SS Central America
From The Guardian
A former deep-sea treasure hunter is about to mark his fifth year in jail for refusing to disclose the whereabouts of 500 missing coins made from gold found in a historic shipwreck.
Tommy Thompson, a research scientist, isn’t incarcerated for breaking the law. Instead, he’s being held in contempt of court for an unusually long stretch – well past the normal maximum limit of an 18-month internment in cases of witnesses refusing to cooperate.
But nothing is usual about Thompson’s case, which dates to his discovery of the SS Central America, known as the Ship of Gold, in 1988. The gold rush-era ship sank in a hurricane off South Carolina in 1857 with thousands of pounds of gold aboard, contributing to an economic panic.
Despite an investors lawsuit and a federal court order, Thompson still won’t cooperate with authorities trying to find those coins, according to court records, federal prosecutors and the judge who found Thompson in contempt.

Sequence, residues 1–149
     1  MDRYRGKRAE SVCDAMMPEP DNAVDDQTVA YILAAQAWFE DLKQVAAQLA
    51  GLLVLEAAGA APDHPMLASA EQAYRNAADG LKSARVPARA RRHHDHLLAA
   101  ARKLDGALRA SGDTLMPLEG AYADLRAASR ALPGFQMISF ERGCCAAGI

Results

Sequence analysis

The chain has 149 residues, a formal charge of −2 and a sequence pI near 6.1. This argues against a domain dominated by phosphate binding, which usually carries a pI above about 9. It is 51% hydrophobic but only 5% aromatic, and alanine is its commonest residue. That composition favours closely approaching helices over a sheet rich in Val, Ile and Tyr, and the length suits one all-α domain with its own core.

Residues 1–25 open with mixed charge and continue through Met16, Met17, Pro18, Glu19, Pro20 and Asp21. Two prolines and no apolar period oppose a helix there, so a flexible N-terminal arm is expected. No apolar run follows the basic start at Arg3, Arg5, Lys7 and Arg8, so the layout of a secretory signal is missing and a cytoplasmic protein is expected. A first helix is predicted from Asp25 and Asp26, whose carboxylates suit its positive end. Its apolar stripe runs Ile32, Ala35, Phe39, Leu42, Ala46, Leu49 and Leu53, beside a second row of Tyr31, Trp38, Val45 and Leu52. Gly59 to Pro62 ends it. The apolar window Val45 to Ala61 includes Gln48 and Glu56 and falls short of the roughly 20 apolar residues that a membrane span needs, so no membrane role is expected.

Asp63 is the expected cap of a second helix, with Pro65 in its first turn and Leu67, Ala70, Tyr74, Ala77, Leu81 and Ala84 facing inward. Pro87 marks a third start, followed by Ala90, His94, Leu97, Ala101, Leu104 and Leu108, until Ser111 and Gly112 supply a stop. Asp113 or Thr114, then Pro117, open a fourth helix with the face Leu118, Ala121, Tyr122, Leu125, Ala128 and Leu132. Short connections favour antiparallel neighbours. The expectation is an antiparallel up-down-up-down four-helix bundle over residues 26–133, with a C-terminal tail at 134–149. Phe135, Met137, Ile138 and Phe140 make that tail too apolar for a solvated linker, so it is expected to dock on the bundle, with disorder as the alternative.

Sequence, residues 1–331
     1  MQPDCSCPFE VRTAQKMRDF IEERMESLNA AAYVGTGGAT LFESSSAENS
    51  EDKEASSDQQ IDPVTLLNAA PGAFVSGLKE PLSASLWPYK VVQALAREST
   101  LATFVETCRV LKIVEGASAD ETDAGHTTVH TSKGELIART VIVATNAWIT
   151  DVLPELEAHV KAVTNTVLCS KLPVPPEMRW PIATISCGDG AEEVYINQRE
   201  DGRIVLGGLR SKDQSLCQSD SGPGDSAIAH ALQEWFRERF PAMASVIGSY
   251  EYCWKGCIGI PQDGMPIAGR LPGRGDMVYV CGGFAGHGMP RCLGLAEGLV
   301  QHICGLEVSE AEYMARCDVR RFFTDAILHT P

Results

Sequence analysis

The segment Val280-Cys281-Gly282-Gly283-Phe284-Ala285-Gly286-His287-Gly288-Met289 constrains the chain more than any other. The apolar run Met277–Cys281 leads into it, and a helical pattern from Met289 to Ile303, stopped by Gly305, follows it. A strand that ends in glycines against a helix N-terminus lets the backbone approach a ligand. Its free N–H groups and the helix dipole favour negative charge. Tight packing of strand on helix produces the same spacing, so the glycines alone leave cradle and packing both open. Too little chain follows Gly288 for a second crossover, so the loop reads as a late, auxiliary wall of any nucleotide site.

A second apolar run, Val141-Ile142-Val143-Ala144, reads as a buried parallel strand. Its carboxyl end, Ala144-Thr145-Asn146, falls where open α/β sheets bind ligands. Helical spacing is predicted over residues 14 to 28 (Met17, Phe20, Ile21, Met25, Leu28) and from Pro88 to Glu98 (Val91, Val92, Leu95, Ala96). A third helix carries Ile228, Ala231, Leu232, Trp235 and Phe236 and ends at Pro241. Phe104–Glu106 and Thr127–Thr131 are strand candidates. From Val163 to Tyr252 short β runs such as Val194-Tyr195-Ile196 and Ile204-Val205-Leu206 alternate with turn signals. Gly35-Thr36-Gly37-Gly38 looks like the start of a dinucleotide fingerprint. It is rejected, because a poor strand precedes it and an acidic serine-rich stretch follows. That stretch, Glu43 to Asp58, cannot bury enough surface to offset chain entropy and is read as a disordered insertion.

“He creates a patent for a submarine, but he can’t remember where he put the loot,” federal judge Algenon Marbley said during a 2017 hearing. Thompson’s legal troubles stem from the 161 investors who paid him $12.7m to find the ship, never saw any proceeds and finally sued.
Back in 2012, a different federal judge ordered Thompson to appear in court to disclose the coins’ whereabouts. Instead, Thompson fled to Florida where he lived with his longtime female companion at a hotel near Boca Raton. US marshals tracked him down and arrested him in early 2015. Thompson pleaded guilty for his failure to appeal and was sentenced to two years in prison and a $250,000 fine.
Thompson’s criminal sentence has been delayed until the issue of the gold coins is resolved. That April 2015 plea deal required Thompson to answer questions in closed-door sessions about the whereabouts of the coins, which the government says are worth $2m to $4m.
Importantly, he must also “assist” interested parties in finding the coins under that deal.